Dear Peak Shrink,
0325, and I can’t sleep. I’ve had a notion about a collapse for nearly 30 years. It’s something that has stuck with me since I was a child, and it seems to be gathering legs now. I am not prepared despite decades of personal capital development….I have a lot of life skills and have had many experiences that will lend well toward survival. However, I’m not prepared mentally for what could possibly befall my tender family. I recently decided to remarry after my first marriage imploded after 9/11. I now have a small baby girl and we live in New York City. I’m tired of living in a target and watching every armageddon scenario begin in my neighborhood. It’s making me paranoid.
It’s incredibly difficult to prepare for any type of disaster in this city. The laws suck, there is no space, money gets stretched thin. I make progress everyday, and it seems to help me mentally, but there are huge gaps in useful literature regarding urban settings beyond the cursory “they’ll get hit the hardest.” It’s disturbing as it makes me think there really isn’t a solution. Unfortunately, simply leaving here isn’t really a viable option today, and I’m starting to feel like I’m quickly running out of time.
I end up swirling through a sort of free radical reaction of paranoia, second-guessing, and wishing things were different. I find that the long emergency ahead is about the only thing I can focus on for any length of time, and all things I do are somehow related to this preparation. It seems to be silently defining me, as I rarely talk about it to anyone. When I do, most people either go off the deep end quickly or just stare at me. It’s been easier to ignore in the past when it seemed to be in the distant future, but the future seems to be unfolding in the now.
“Unfortunately, simply leaving here isn’t really a viable option today…”
Here is the heart of your letter, UU. It is the cornerstone of your poor sleep.
If I told you that NYC would be under water in a week, you’d find leaving a “viable option” because staying would be a “non-viable option.” You are a gambler, and you know it. You’ve been winning the bets so far. The only problem is, the stakes are getting higher, and climbing so much that your baby girl is up for grabs, if you lose. She doesn’t have the time to develop the “life skills” you’ve obtained, and rioters don’t dodge the kids.
The stuff you read about a city like NYC being the target, is because a city is a place where, by definition, is unsustainable. It relies on other places, other resources, outside itself, to survive. Like the child’s poem, when it is good, it is very very good, and when it is bad, it is horrid.
I’m sorry to confirm the difficult fact that just because you are paranoid, doesn’t mean that they aren’t out to get you, as the joke goes.
If you move away, it will be one continuous hassle, I can see that. You may lose money on a condo or you may have no job prospects. You may find that you could have happily lived your current life another four years, no problem, and you will kick yourself that over that time, you would have accumulated more assets to make the transition so much easier for yourself and your family. You are a gambling man, and you may be walking away from a really big win. I know this because, despite having a notion about collapse for nearly 30 years, you chose to construct a life in a place that’s the scene of “every Armageddon scenario,” and then to make the concept of leaving that self-professed dangerous place “non-viable.” There are reasons for the “huge gaps in useful literature regarding [survival in] urban settings,” but instead of bucking up, and looking at those reasons with a steely gaze, you prefer to explain it as a “gap.”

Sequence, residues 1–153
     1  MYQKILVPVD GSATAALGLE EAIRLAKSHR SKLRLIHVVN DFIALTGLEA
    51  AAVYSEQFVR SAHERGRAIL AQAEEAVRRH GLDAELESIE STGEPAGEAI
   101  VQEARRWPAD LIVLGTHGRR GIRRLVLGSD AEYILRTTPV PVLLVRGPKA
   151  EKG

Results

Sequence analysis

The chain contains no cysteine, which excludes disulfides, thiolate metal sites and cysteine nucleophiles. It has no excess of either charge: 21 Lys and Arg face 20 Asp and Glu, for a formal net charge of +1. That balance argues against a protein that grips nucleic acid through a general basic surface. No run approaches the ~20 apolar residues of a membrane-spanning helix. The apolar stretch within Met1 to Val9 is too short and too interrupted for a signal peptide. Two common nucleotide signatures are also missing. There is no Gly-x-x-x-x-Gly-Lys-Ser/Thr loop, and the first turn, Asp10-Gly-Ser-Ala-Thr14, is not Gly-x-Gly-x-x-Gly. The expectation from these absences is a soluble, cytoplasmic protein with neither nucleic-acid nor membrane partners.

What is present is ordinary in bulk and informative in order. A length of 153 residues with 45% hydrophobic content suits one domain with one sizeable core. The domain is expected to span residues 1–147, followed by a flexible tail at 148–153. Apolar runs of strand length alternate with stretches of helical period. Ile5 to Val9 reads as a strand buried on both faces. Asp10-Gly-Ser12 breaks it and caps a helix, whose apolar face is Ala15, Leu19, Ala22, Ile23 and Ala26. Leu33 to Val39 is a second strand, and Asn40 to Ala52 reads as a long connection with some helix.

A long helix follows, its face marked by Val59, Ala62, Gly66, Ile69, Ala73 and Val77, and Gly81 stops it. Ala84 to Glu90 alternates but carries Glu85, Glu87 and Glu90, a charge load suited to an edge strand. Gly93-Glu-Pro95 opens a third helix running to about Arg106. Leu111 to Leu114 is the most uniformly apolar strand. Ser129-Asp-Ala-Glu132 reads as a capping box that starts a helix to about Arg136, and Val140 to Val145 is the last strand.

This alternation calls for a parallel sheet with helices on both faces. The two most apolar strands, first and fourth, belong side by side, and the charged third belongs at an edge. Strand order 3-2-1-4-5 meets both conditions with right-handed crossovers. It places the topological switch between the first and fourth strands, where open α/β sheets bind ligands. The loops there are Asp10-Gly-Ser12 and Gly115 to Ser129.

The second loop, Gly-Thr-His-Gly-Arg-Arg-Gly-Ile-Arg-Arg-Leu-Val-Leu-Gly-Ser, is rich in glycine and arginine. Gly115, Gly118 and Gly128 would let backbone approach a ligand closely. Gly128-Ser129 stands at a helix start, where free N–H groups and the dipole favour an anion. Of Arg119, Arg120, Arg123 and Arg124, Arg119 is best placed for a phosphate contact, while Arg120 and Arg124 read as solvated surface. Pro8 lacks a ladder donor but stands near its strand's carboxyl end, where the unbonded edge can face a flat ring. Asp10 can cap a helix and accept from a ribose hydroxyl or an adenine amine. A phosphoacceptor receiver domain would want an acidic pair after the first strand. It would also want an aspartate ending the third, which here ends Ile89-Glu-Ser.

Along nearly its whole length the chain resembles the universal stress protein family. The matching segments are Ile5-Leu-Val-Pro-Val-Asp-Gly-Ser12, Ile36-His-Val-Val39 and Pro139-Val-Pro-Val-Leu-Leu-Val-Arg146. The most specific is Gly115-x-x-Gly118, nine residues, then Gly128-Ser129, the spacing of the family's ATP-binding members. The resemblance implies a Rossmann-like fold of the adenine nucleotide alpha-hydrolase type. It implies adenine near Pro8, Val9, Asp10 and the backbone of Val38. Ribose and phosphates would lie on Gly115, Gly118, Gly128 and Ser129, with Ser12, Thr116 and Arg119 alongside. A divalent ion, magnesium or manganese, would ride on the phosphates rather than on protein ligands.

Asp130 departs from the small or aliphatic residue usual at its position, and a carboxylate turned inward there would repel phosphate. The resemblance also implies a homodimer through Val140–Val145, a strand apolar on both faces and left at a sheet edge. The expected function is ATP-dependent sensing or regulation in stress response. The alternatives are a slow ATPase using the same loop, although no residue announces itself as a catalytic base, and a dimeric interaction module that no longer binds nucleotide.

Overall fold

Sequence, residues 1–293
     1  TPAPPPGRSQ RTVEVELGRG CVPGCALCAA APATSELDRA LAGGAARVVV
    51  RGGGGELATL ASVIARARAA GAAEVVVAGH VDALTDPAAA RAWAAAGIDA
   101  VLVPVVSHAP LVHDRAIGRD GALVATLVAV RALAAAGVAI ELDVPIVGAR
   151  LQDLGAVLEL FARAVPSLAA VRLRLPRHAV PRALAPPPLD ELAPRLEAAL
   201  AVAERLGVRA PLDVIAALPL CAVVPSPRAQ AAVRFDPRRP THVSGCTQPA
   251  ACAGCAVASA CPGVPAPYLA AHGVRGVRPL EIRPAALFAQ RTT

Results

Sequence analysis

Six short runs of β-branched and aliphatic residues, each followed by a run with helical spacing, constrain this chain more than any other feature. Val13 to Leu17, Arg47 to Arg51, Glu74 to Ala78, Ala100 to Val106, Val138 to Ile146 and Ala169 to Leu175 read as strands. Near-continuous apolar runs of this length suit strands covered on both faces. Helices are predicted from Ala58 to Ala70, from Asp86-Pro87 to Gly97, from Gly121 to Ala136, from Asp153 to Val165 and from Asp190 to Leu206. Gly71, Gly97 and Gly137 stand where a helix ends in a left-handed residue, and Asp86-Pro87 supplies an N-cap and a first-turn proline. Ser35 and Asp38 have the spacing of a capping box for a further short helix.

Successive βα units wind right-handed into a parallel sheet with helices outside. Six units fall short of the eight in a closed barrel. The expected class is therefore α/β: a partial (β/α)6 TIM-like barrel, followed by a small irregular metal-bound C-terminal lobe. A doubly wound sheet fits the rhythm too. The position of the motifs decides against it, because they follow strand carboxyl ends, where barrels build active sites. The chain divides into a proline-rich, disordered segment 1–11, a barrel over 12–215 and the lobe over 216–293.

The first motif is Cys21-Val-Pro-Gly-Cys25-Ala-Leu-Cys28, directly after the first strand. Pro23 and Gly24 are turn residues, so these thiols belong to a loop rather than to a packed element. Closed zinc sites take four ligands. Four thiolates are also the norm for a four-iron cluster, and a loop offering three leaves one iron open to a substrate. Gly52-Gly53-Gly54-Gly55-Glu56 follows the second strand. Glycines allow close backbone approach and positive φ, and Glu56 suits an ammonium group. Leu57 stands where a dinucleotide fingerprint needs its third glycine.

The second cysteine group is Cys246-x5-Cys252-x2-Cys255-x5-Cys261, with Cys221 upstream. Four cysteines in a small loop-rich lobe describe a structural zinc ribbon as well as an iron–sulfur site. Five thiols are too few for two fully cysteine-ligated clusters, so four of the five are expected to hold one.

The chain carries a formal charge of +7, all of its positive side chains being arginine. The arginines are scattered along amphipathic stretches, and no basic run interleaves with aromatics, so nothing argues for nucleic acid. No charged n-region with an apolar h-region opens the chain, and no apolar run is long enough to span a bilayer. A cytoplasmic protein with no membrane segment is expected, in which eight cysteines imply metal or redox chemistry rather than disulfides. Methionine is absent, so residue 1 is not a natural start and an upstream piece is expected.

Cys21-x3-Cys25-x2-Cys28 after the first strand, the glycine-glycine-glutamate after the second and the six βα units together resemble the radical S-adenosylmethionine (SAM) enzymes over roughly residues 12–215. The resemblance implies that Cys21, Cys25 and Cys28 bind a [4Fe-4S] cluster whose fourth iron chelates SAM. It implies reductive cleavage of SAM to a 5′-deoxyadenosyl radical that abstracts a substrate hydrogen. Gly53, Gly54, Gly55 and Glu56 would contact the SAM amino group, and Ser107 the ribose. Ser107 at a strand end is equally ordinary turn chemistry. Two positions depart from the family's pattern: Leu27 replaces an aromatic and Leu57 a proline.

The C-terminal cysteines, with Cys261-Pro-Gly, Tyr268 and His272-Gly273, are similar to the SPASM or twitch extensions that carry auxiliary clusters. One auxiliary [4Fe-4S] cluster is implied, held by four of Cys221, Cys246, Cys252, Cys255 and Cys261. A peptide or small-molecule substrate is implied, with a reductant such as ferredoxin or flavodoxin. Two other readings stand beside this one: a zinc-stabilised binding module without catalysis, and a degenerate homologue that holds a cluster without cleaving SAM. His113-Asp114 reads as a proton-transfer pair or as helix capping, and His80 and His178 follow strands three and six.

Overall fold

What do you imagine people should say, when you tell them what you know? “Boy, you are right. I’d better change my entire life around in a hurry. Thanks a ton for that info, friend!” You know what you know, and YOU can’t even believe it.
The “long emergency” relates to oil, my friend. Unfortunately, we are facing a “short emergency” related to economic collapse. You are ignoring instincts, and you do so at your own peril. You are gambling that the risks are manageable, but your gut instinct is telling you otherwise.
I’ve had a number of things happening in my own life, including a badly sprained ankle, a business that has to close, a new household ward struggling against a serious addiction, and a husband who’s crippling headaches have returned. But I have to admit something to you, my Dear Readers: UU’s letter really made me realize how darn lucky I am.
I’m free of the delusion that tomorrow will be brighter than today. I won’t be disappointed if President-Elect Obama doesn’t solve the world’s problems. My goal is to live a life just like those who spoke at a local talk about the Great Depression: They never really knew it was happening. Oh, of course, they read about it in the newspapers, but they lived such a simple life, working only with the basics of growing food, and maintaining a goal of community–free of expectations of government bail-out–that they just went ahead living a life, helping out a troubled neighbor, getting by with even less. Just like the title of a book on the Great Depression: “We had Everything but Money.” As I’m coming up ‘real close and personal’ with that lifestyle, I keep in mind a saying my mother repeated to me over and over: “I cried because I had no shoes. Then, I met a man who had no feet.”
Thank you, UU, for the gift of your letter. It came at the right time for me, just when I started to believe that I had nothing left to say, or that I was so overwhelmed by my own problems, that I had nothing more to give.
And thank you, Shy Wolf, for noticing my silence, and telling me you noticed and felt the loss. Means a lot to me, friend.